Dementia Legal Issues
This page contains basic information about
- collecting benefits on someone’s behalf,
- Lasting Power of Attorney (LPA),
- Court of Protection (COP),
- Office of the Public Guardian (OPG),
- making a will
- driving safely and
- obtaining travel insurance for holidays
with links to appropriate organisations and publications.
Most straight forward tasks can usually be taken-over by a carer, paying bills and collecting pensions etc. You can get a form from your local JobCentre Plus which lets you collect pensions and benefits on behalf of someone else, as their Appointee. You will be checked to validate your suitability for the role.
It is always advisable to agree on who will be making any financial and legal decisions as early on as possible after a diagnosis of dementia has been made. This allows the person with dementia to decide who will make important decisions on their behalf when they can no longer tell people what they want to have happen.
A Lasting Power of Attorney is a document which must be registered with the Office of the Public Guardian when a person is still mentally capable. It is only used when this person is deemed to no longer be capable of making their own decisions. The LPA Act 1985 allows the appointment of an Attorney to take control of the LPA in the event that a person becomes mentally incapable. Contact The Office of the Public Guardian on 0300 456 0300.
If there isn’t an LPA in place then the Court of Protection can appoint someone to oversee a person’s financial affairs if that person is no longer mentally capable of doing so. This person could be a solicitor, a family member or the Office of the Public Guardian (OPG). There are solicitors who specialise in providing legal advice for older people, their family and their carers.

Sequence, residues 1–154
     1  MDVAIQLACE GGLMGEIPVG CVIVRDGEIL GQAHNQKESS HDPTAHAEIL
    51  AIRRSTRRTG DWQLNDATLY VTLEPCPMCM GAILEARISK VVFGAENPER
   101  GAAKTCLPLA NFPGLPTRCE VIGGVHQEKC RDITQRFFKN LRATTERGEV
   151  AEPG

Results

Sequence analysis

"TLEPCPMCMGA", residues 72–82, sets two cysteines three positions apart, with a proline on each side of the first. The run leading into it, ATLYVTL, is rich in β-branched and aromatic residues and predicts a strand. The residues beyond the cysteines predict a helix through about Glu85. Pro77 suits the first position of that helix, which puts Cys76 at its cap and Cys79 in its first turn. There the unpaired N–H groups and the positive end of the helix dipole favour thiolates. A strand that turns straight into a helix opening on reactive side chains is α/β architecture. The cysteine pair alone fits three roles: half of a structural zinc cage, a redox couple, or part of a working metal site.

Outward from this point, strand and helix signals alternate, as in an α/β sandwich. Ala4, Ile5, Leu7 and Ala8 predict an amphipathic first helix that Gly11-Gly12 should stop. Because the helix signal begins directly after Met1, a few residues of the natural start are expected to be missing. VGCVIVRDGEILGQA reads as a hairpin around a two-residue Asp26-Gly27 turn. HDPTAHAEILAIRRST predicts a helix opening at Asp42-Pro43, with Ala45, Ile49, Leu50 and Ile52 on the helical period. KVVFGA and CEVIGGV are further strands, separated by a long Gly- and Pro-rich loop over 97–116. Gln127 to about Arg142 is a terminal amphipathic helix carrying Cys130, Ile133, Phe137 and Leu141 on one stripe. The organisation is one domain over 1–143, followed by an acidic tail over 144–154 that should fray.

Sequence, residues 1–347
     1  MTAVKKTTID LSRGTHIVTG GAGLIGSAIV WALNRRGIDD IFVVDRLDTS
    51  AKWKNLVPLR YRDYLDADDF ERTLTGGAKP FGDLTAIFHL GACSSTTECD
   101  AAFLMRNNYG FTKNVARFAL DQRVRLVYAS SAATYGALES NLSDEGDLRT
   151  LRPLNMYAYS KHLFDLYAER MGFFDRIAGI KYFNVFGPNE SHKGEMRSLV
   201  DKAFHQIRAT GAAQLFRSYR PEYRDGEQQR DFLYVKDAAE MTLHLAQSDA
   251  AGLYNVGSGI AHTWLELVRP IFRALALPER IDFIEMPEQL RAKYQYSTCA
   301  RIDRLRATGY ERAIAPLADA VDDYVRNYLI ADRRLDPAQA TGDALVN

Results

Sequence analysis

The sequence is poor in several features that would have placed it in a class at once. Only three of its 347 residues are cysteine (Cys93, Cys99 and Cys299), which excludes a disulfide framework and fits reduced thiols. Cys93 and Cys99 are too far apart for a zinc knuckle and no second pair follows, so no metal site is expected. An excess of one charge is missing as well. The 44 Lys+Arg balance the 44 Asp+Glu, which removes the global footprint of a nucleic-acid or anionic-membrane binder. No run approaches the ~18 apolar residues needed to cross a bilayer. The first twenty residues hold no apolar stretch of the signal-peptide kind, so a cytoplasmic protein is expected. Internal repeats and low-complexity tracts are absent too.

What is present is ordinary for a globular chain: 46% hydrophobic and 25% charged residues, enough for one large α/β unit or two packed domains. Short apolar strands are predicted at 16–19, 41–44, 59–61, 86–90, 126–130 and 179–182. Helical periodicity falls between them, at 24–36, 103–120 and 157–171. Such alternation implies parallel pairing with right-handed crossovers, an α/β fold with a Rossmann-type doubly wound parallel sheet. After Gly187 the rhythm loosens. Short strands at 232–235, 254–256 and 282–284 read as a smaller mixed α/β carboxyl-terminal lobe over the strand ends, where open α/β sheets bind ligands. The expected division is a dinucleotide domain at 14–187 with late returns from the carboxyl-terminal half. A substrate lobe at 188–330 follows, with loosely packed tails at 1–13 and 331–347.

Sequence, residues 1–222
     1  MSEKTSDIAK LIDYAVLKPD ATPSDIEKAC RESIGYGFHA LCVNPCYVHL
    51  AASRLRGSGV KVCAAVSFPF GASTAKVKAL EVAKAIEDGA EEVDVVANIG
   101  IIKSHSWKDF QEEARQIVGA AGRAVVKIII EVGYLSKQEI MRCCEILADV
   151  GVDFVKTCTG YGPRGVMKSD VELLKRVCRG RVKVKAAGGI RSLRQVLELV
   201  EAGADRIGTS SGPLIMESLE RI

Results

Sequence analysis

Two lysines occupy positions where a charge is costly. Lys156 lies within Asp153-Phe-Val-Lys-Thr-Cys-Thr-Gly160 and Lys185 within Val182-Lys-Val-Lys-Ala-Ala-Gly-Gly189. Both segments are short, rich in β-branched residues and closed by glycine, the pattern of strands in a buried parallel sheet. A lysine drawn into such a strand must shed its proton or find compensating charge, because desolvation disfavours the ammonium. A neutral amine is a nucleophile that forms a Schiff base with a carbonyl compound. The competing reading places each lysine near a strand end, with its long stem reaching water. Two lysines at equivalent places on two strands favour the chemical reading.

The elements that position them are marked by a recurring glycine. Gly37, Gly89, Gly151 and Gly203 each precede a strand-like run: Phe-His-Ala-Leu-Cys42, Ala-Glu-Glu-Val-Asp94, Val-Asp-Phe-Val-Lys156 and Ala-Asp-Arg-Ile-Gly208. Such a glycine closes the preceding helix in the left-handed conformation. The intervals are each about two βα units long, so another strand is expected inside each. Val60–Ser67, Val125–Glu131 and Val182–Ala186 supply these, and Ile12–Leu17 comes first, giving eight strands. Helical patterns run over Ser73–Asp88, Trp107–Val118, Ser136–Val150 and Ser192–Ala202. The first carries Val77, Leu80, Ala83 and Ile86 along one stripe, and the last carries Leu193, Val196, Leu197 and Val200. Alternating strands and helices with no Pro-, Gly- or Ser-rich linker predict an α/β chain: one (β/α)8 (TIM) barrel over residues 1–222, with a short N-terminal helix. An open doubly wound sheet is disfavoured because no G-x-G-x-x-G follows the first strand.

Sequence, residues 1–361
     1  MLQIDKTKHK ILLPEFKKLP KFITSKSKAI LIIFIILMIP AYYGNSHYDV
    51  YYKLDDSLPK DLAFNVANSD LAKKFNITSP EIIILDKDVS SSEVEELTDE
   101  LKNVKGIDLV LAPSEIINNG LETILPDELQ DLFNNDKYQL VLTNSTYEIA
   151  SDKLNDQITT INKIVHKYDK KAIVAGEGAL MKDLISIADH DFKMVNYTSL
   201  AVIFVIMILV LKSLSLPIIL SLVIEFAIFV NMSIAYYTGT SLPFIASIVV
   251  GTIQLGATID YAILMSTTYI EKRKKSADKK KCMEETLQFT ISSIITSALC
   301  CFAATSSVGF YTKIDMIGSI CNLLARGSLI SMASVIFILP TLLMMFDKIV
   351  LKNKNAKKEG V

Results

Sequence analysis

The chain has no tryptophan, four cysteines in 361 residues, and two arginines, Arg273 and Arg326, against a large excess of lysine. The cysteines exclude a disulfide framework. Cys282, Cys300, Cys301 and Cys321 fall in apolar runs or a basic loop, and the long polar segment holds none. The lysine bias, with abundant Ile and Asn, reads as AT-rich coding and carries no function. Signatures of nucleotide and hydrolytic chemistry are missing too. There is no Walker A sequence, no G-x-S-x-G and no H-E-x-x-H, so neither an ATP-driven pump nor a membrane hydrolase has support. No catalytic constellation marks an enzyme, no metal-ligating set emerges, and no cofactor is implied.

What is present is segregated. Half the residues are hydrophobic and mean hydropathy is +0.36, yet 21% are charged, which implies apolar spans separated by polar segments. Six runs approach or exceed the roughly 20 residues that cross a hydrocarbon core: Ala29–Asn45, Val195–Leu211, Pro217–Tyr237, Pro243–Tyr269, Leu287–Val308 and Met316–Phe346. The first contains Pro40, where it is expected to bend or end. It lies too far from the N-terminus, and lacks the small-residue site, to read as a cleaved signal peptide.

The Office of the Public Guardian was established in 2007 to protect people who lack mental capacity and to support Attorneys of an LPA in carrying out their duties. The option of using the Court of Protection should be a last resort when no other provision has been made. It can be complicated and costly by comparison to using an LPA so preparation is advisable. The role of the Office of the Public Guardian is to provide regulation and supervision, whilst the Court of Protection makes decisions.
Making a will at any age is always advisable and it should be amended when circumstances change. A person with dementia can still make a will or make changes to an existing one if they can show that they are capable of doing so. Close friends and family members may consider changing their own wills if they think that assets may be passed onto a person who has dementia and used to fund their care. An Age UK fact sheet Making Your Will is available for you to download.
Any legal or financial arrangements must be made with great care and the expert advice of a qualified person.
Many people who have had a diagnosis of dementia wonder if they are still able to drive. Being given a diagnosis does not automatically exclude a person with dementia from driving. There is, however a legal obligation to inform the Driver and Vehicle Licensing Agency (DVLA) and your car insurance company. If you decide to stop driving you must return your licence to the DVLA. If you want to continue driving the DVLA may ask consent from you to contact your doctor for a medical report. The DVLA provides information on current medical standards of fitness to drive.
There are various ways to get travel insurance. You could discuss your options with your regular travel insurance company, it may make specific provisions for medical conditions including dementia. Alzheimer’s Society produces a comprehensive fact sheet about travelling and going on holiday. It can also provide specialist insurance cover on line or you can call 01603 828254. Age UK also provides insurance cover on line or contact 0845 6003348.
Tourism for All is a specialist organisation which is dedicated to making holidays accessible for everyone.
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